Franz Wagner Is No Role Player
But he needs to realize that himself
Orlando forward Franz Wagner’s pre-draft scouting reports sound like a broken record: “Elite role player.” “High-value role player.” “NBA Comparison: Nemanja Bjelica”.
That unwelcome “role player” label stuck to Wagner like toilet paper on a shoe. It has proven to be equally as sh****.
Pre-draft hopes for Franz painted the picture of an intelligent, versatile defender with enough shooting and playmaking to hang offensively. It was commonly assumed that Wagner would be a classic glue guy: moving the ball on offense, getting his points from cuts and spot-up shooting, and making his name on the other end of the court.
Instead, Wagner was arguably the Magic’s best offensive option last season.
Orlando quickly realized that they had gotten a lot more than they expected with Franz and, to their credit, empowered him to do more than sit in a corner and wait for his shot. He responded with a diverse diet of effective play types. He ran 314 pick-and-rolls last season, second on the team, and the Magic scored .84 points per possession on those plays (above the median and a very good mark for a rookie forward).
Franz drove to the hoop more than nine times per game, more often than LeBron James, fellow rookie Jalen Green, or Julius Randle, and just a tick behind Steph Curry. He was shockingly effective in isolation, able to break down defenders with a herky-jerky dribbling style and an array of long-armed finishes:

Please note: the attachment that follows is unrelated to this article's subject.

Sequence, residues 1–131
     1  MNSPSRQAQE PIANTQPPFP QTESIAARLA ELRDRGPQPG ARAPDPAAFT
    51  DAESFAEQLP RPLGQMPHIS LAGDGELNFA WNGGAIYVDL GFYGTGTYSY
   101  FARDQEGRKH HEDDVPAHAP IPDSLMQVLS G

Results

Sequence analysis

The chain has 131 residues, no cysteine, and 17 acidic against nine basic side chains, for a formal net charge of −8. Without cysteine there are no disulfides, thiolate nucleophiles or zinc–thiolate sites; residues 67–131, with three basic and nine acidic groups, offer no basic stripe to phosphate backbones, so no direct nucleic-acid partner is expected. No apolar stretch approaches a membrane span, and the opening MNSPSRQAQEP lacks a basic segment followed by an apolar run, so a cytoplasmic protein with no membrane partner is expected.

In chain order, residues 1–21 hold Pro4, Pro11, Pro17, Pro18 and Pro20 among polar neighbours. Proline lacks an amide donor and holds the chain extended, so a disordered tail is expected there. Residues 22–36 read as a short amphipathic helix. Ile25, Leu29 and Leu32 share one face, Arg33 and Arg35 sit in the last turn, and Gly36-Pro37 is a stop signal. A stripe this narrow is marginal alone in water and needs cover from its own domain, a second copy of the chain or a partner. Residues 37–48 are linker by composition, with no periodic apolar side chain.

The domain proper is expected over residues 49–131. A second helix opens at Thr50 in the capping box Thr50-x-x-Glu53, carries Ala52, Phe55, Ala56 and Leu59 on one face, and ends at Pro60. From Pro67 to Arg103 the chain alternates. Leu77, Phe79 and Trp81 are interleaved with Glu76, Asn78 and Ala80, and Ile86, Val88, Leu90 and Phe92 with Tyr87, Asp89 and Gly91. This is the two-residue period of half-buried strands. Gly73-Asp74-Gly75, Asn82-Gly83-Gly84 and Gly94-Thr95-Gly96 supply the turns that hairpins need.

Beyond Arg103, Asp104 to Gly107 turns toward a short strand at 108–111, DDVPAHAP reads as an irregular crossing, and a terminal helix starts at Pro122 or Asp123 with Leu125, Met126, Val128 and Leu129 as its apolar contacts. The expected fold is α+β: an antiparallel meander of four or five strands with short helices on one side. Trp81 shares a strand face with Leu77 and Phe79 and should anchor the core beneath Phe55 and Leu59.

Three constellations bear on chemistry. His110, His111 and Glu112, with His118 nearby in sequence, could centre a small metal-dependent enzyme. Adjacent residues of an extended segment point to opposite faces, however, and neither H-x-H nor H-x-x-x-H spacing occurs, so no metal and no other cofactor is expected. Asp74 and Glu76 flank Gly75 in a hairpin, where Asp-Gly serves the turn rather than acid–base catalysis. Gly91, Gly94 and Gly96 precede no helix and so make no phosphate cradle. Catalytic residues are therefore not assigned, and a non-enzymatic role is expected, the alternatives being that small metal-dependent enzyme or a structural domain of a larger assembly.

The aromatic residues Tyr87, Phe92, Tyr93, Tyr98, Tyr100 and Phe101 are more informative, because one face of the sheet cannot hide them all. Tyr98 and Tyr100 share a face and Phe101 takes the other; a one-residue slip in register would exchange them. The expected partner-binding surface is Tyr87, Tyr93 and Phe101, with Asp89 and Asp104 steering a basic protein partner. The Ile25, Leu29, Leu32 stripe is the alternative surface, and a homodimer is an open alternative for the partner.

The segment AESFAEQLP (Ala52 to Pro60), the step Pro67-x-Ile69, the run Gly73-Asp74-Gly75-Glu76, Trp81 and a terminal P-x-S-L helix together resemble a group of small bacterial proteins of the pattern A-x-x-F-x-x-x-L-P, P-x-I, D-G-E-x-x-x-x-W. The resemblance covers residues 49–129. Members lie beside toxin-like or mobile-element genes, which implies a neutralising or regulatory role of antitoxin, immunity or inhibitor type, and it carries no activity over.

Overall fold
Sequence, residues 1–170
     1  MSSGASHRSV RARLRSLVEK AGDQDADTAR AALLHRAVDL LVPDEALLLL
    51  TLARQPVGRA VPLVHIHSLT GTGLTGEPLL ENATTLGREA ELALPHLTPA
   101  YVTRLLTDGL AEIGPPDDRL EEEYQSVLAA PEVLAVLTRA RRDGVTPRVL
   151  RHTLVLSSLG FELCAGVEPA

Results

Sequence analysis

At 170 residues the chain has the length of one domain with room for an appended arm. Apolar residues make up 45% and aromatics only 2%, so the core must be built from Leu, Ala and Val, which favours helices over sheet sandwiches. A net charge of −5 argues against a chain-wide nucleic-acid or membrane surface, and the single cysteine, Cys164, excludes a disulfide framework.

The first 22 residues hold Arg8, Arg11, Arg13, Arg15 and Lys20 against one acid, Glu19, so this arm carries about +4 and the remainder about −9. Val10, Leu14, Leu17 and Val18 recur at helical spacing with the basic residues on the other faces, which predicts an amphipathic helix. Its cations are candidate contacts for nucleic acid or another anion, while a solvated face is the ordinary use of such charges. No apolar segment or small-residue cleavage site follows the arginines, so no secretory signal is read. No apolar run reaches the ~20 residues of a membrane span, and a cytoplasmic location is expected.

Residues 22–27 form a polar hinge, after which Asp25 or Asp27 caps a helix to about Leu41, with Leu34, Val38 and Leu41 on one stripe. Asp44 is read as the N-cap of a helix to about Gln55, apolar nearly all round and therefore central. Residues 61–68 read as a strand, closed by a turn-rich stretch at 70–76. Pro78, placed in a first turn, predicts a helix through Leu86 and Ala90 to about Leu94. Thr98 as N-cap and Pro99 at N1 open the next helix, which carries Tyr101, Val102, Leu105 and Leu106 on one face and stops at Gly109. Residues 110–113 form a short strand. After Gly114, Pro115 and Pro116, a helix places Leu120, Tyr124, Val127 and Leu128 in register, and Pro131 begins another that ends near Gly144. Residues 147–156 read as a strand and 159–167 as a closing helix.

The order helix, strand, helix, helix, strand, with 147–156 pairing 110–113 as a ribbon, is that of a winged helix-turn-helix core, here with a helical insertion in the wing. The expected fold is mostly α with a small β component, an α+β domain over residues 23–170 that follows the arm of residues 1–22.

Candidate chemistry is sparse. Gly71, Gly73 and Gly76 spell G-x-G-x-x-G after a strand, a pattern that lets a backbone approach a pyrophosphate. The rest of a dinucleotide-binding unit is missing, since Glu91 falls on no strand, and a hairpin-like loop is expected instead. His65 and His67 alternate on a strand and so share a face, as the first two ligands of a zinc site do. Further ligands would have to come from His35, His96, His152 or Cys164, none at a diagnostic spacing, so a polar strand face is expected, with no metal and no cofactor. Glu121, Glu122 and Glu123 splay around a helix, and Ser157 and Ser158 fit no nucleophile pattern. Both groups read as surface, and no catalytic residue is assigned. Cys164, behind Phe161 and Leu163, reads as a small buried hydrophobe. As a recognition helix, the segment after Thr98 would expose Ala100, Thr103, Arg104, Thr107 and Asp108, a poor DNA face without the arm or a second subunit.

Unusually, he’s equally adept at shooting threes off the dribble as off the catch, and he started utilizing a compact stepback move as the season went on:
In motion, Wagner was as good as advertised, and he scored an absolutely bonkers 1.5 points per possession off of cuts. He has an innate sense of timing that lets him leverage open cracks in the defense with his crowbar arms:
Wagner’s passing helps unlock his other attributes. He’s not a point guard, but “Point Franz” acted as one for long stretches of the season, particularly before Markelle Fultz returned from injury. His height and court vision allow him to deliver passes in unconventional ways. Here, he catches the Wizards screwing up their zone defense and is able to uncork a one-handed cross-court laser off the bounce:
Fun! You don’t see that pass too often, and never from rookie forwards.
Wagner averaged just 2.9 assists per game, but that’s partially deflated by Orlando’s inability to find anyone who can shoot a basketball. Orlando was the 28th-ranked three-point shooting team in the league last season, which cluttered the paint and limited assist opportunities for Wagner, who couldn’t exactly pass to himself.